House of Lords warned not to derail Johnson’s Brexit Bill

House of Lords

Peers have been told to listen to the will of the country and back legislation paving the way for the UK to leave the European Union on January 31.

Boris Johnson’s European Union (Withdrawal Agreement) Bill is expected to clear the Commons on Thursday after the Tory general election victory gave the Prime Minister the comfortable majority he desired.

But the legislation will then head to the upper chamber, where there is no Government majority and where peers repeatedly dealt blows to Theresa May’s administration.

Downing Street urged the unelected House to take heed of the December general election result which delivered Mr Johnson’s 80-seat Commons majority.

“The country did deliver a very clear message that they want Brexit to be resolved,” the Prime Minister’s official spokesman said.

With peers expected to begin work on the Withdrawal Agreement Bill (Wab) next week, the Government wants the legislation “to complete its passage through both houses as smoothly as possible”.

The spokesman said the legislation clearing the Commons on Thursday would be a “significant positive step” towards the Prime Minister’s target to “get Brexit done”.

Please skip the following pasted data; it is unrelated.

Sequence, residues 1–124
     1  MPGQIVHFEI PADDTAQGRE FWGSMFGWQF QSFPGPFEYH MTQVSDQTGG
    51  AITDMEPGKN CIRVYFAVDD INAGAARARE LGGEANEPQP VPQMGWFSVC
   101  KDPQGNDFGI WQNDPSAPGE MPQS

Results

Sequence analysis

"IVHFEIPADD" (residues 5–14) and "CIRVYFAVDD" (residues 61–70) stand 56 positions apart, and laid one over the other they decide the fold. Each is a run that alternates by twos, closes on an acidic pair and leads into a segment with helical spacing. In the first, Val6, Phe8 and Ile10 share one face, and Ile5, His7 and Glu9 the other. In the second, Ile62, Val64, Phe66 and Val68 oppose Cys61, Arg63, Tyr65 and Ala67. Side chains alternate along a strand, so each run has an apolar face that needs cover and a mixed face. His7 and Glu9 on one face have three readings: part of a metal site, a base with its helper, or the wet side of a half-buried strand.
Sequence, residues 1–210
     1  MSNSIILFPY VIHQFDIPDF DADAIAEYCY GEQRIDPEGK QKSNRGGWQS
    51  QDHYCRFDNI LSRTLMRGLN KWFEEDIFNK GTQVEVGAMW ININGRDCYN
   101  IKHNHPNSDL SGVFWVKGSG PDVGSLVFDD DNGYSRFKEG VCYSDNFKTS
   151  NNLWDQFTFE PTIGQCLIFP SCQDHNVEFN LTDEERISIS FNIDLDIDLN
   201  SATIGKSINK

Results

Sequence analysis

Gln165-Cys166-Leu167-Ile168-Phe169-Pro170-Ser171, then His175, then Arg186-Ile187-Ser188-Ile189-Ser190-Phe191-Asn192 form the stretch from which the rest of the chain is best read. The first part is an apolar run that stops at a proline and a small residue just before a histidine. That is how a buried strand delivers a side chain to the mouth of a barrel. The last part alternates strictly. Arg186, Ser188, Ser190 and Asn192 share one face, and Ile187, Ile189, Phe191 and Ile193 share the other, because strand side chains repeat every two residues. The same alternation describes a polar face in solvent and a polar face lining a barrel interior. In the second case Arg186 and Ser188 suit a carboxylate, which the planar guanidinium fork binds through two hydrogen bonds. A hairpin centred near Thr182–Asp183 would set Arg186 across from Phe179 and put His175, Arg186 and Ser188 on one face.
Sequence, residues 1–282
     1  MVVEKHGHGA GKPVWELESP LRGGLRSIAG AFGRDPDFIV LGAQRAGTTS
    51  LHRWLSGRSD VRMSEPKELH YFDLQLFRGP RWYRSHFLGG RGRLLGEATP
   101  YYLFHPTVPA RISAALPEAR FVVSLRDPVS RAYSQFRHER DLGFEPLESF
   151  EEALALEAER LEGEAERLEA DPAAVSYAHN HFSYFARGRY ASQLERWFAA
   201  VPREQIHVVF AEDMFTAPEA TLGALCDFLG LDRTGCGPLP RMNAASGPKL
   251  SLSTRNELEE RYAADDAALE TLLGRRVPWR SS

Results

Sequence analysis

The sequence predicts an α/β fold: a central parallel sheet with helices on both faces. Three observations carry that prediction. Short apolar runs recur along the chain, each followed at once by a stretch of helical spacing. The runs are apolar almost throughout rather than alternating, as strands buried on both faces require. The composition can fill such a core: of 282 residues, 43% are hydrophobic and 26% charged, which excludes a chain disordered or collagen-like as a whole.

It follows the torment endured by Mrs May as she repeatedly tried and failed to get a Brexit deal through the Commons.

Downing Street stressed it was ready to begin the next stage of the Brexit process – negotiating a trade deal by the end of the year – on February 1.

But Brussels’ chief Brexit negotiator Michel Barnier warned the UK’s market access to the EU could be limited unless it agreed to conditions on state subsidies.

“If the UK wants an open link with us for the products – zero tariffs, zero quotas – we need to be careful about zero dumping at the same time,” Mr Barnier told a conference in Stockholm.

“I hope that this point is and will be correctly understood by everybody. We will ask necessarily certain conditions on state aid policy in the UK.”

He also insisted that Britain’s goal to have a full free trade deal by the end of the year was unrealistic.

“We cannot expect to agree on every aspect of this new partnership,” Mr Barnier said, adding “we are ready to do our best in the 11 months”.